'FOR YOUR PRECIOUS LOVE' Butler and band left a lasting impression on popular music
Jerry Butler's conversational and poetic lyrics are still popular today.
By RICHARD HARRINGTON
WASHINGTON -- Around Valentine's Day, you're not going to go wrong dedicating "For Your Precious Love" to the one you love.
It's a gorgeous testimonial that has stood the test of time since Jerry Butler and the Impressions recorded it in 1958. Part of the song's enduring charm is its lyrical innocence -- "Your precious love means more to me/ Than any love could ever be/ For when I wanted you/ I was so lonely and blue/ For that's what love will do" -- and there's a good reason for that. Those lyrics were drawn verbatim from a poem Butler had written in high school, which he was not far removed from when he recorded "For Your Precious Love" at age 18.
"It was called 'They Say,' and if you follow the lyrics of the song, you'll see that it doesn't have a hook and the title is never repeated. It's all verse -- it's a poem set to music," says Butler.
Back in 1958, Butler and his fellow Impressions -- including teen prodigy Curtis Mayfield -- were just another aspiring doo-wop group, trying to capture the ears of just one of Chicago's small R & amp;B operations, and apparently didn't realize they had a potential hit on their hands. According to Butler, "we went to a guy here in town who had a label and were talking to him about getting a recording contract, and I was reciting (the words to 'They Say') at that time. And he suggested to us, 'Son, those lyrics are so beautiful, you ought to learn how to sing that!'"
"So we went away and took his advice and started singing it," with fellow Impressions Arthur and Richard Brooks contributing the melody. The group auditioned for Chess Records, which passed, so Butler and the Impressions went across the street to Vee-Jay Records and signed there.
At the group's very first recording session, the quiet ballad achieved its final transformation as Butler's virile baritone and the Impressions' backing vocals took on a spiritual tenor, not surprising since the teen-age Butler and Mayfield sang together in the Northern Jubilee Gospel Singers at Chicago's Traveling Souls Spiritualist Church. Both also sang with secular groups on the side, Butler with the Quails and Mayfield with the Alphatones. They evolved into the Impressions in 1957, when the Brooks brothers and Sam Gooden, then in a vocal group called the Roosters, asked them to combine forces.
Released in May 1958, "For Your Precious Love" rose to No. 3 on the R & amp;B chart and No. 11 on the pop charts. It sold close to a million copies and kick-started several enduring careers that no one envisioned at the time.
"We were a bunch of young kids," said Butler, 65. "I was 18, Curtis was 15, Richard and Arthur were about 17 and 23; Sam, like Arthur, had done military duty and come to Chicago seeking fortune and fame. Curtis and I were just kids here in Chicago who hooked up with them after they got here. We just wanted to hear our songs on the radio. We didn't have any idea of the magnitude that having a successful record was going to have on our lives other than we knew we'd probably be on the radio and television and maybe we'd get a few gigs out of it."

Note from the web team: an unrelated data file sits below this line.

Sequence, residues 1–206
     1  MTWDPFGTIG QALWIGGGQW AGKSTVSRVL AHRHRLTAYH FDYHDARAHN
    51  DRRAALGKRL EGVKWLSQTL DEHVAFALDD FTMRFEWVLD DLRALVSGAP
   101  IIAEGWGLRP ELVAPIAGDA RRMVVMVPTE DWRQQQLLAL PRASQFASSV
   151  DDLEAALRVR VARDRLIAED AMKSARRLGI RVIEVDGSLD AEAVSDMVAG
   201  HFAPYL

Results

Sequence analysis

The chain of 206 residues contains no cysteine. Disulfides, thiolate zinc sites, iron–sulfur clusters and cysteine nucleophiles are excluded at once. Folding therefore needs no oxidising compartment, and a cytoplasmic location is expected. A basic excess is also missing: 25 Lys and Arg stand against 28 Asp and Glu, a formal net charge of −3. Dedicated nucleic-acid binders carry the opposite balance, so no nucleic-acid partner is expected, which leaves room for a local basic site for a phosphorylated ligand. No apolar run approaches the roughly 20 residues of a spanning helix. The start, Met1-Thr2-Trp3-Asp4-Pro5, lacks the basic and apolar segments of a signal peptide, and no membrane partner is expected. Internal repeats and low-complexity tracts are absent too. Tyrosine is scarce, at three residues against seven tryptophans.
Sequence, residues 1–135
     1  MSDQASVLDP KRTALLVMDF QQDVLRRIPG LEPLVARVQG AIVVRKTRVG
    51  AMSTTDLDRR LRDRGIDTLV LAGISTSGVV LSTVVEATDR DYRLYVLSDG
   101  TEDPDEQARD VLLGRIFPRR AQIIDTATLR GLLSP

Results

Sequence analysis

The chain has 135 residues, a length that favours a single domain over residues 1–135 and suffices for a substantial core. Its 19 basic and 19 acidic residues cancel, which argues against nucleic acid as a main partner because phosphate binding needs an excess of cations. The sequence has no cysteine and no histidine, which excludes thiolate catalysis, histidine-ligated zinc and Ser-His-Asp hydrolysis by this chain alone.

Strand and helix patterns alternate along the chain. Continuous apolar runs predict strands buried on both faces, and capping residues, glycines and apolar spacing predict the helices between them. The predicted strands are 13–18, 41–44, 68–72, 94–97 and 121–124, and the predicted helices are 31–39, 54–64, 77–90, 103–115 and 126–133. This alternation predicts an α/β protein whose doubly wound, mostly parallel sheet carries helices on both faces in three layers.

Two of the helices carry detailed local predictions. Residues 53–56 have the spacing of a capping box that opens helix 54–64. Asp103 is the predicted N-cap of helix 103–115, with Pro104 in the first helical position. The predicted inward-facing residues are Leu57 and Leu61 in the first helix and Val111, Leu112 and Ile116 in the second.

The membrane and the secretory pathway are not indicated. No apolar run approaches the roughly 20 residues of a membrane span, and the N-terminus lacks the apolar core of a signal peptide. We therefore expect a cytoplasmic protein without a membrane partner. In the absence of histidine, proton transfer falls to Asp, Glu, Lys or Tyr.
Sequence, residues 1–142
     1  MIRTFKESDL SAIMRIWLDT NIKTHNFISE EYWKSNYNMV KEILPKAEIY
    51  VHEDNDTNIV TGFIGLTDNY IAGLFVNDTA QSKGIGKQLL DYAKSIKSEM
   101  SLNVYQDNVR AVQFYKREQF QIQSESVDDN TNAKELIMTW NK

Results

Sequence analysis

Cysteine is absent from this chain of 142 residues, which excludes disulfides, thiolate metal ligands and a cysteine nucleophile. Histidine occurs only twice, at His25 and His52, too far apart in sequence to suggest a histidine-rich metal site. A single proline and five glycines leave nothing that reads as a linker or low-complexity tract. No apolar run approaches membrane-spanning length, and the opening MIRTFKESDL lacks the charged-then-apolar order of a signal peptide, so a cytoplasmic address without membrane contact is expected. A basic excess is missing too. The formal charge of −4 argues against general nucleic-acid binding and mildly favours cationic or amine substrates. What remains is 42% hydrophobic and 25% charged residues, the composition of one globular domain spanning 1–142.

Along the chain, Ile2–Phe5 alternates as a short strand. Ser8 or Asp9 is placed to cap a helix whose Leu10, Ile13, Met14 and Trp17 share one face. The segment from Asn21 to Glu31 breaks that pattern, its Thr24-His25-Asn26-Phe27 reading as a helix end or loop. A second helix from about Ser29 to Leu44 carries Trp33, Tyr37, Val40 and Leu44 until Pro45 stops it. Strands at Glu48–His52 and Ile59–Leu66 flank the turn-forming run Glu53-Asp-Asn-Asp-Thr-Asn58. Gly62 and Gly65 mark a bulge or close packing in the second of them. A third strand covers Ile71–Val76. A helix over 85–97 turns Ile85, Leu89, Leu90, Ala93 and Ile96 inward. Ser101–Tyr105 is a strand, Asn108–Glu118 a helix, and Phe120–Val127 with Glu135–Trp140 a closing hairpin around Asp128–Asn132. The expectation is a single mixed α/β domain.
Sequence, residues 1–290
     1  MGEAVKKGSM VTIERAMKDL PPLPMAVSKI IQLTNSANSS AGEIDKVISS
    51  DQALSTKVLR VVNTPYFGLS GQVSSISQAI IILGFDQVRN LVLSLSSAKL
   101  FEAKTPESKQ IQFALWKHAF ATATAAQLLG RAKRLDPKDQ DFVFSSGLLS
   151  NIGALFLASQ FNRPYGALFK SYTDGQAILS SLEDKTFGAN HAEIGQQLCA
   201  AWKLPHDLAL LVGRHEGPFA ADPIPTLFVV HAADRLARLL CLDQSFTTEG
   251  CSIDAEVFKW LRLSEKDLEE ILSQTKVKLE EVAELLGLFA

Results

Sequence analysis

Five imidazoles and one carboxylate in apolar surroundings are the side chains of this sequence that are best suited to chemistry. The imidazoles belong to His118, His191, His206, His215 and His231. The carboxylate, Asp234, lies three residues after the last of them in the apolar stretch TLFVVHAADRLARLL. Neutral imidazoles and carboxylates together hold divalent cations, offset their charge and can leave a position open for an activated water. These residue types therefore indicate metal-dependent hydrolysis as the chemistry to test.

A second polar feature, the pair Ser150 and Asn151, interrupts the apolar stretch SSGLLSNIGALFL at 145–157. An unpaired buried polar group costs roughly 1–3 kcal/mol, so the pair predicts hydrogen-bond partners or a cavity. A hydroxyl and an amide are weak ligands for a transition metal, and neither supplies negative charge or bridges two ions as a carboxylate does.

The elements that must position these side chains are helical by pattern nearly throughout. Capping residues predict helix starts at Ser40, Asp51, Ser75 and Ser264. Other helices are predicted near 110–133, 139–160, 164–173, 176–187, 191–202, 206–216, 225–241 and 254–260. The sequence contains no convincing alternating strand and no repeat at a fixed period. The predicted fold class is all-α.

Some pop historians identify "For Your Precious Love" as the first recognizable "soul" ballad, though Butler doesn't see it that way. "When Rolling Stone said it was 'the beginning of soul music,' I had never looked at it in that particular light because as a kid, I was influenced by Nat Cole, Roy Hamilton, Ray Charles, Sam Cooke, Pookie Hudson from the Spaniels -- those were the people we looked up to and wanted to be like."
Top 40 hits
In 1961, Mayfield re-formed the Impressions and crafted 16 Top 40 hits between 1961 and 1974, including such classics as "It's All Right," "We're a Winner," "Keep on Pushing" and "People Get Ready" (along with solo hits like "Superfly" and "Freddie's Dead"). The Impressions, including Butler, were inducted into the Rock and Roll Hall of Fame in 1991, a year after Mayfield was paralyzed from the neck down after a lighting scaffold fell on him during a concert. (He died in 1999.)
"Most people who know about the Impressions don't even realize that I was there," Butler admits. "It was just one of those things that happened, but I think everyone benefited from it. Curtis went on to become a major artist in his own right; the Impressions (with founding member Sam Gooden and Fred Cash) are still out there working, and so am I. It's very rare that you find a group where all the parts go on to have success."
Put all their hits together, and you'll find 133 R & amp;B chart singles and 85 on the pop side. Butler's include "Let It Be Me" with Betty Everett, "Hey Western Union Man," "Only the Strong Survive," "Make It Easy on Yourself" and "Moon River," which he recorded six months before Andy Williams. Though the song has long been associated with Williams, the pop singer never had a Top 40 hit with the Henry Mancini-Johnny Mercer composition. Butler did at No. 11.
As for "Only the Strong Survive," Butler's biggest pop hit at No. 4, its message has fueled multiple interpretations, he notes. "Prairie View College in Texas in the middle of the civil rights movement made it their black power theme song; there's a little white lady in North Carolina who said, 'Mr. Butler, I love the song because I've tried to teach my children and grandchildren that thought all the time.' When we wrote the song, most of the lyrics came out of a conversation I had with my own mother when I was about 15 years old and thought I was hope-to-die in love, that first puppy love thing, and she said, 'Oh, boy, you haven't even seen any girls, let me tell you. Get off your knees, wha'cha crying about,' and that's what we put at the beginning of the song."